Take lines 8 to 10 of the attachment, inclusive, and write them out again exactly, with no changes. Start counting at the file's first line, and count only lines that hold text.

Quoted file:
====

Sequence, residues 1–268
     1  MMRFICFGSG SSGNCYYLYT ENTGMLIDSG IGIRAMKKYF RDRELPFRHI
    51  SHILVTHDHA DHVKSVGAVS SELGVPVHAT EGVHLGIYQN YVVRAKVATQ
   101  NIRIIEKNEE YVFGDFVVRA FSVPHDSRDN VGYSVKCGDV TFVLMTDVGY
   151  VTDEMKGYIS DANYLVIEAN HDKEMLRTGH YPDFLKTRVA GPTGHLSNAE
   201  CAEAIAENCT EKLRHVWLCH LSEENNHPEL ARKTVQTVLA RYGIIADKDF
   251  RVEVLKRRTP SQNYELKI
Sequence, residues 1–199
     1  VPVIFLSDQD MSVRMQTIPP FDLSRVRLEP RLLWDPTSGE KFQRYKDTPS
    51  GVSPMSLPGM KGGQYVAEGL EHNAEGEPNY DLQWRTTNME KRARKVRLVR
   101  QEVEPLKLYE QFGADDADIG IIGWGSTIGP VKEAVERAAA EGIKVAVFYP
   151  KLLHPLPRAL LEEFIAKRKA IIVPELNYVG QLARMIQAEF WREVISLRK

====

Sequence, residues 1–199
     1  VPVIFLSDQD MSVRMQTIPP FDLSRVRLEP RLLWDPTSGE KFQRYKDTPS
    51  GVSPMSLPGM KGGQYVAEGL EHNAEGEPNY DLQWRTTNME KRARKVRLVR